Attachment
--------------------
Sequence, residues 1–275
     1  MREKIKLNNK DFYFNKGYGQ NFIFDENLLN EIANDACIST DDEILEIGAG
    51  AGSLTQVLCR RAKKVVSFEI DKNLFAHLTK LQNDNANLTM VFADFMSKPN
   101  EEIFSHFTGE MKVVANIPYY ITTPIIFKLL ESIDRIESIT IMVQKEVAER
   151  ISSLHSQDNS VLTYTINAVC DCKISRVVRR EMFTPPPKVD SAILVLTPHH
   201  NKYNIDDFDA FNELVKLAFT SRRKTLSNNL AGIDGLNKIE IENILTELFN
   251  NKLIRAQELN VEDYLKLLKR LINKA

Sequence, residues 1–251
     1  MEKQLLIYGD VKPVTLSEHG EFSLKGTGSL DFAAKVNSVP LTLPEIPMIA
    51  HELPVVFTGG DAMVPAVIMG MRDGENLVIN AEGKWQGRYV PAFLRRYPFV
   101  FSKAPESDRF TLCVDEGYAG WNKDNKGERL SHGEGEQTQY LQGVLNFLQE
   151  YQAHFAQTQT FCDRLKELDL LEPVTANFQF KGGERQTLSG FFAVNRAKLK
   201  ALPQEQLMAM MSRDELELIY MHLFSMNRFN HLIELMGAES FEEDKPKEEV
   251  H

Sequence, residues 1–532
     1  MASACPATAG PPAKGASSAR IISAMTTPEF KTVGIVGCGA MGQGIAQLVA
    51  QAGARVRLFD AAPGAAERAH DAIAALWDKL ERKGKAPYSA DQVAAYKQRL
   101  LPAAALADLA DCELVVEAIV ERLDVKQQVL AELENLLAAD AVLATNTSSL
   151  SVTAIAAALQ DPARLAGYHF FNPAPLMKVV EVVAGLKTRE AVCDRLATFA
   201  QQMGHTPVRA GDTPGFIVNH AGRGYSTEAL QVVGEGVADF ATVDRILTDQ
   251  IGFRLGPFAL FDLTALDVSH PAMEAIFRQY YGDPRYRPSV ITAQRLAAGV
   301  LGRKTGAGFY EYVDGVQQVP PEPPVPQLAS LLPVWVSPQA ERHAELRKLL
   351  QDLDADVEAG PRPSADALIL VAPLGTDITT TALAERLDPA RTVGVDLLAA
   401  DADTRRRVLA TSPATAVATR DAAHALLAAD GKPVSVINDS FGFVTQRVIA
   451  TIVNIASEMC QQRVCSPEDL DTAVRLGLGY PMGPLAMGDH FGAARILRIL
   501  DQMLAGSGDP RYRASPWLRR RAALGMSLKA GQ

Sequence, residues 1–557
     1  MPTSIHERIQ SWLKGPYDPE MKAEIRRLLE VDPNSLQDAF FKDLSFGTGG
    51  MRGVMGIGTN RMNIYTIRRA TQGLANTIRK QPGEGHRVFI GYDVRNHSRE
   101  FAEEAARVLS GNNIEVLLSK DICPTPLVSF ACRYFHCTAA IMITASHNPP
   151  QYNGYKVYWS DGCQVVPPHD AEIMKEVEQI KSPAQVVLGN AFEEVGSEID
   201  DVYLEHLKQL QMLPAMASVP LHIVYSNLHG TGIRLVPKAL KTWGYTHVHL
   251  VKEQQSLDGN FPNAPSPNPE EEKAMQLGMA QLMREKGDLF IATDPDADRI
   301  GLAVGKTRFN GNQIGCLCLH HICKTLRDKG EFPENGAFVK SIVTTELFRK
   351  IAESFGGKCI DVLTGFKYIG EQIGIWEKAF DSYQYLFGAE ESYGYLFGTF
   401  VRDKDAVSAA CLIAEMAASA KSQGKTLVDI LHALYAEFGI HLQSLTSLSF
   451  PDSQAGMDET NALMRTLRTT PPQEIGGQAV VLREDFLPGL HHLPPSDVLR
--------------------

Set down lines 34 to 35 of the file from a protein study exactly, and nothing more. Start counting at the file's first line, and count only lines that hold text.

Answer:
   301  GLAVGKTRFN GNQIGCLCLH HICKTLRDKG EFPENGAFVK SIVTTELFRK
   351  IAESFGGKCI DVLTGFKYIG EQIGIWEKAF DSYQYLFGAE ESYGYLFGTF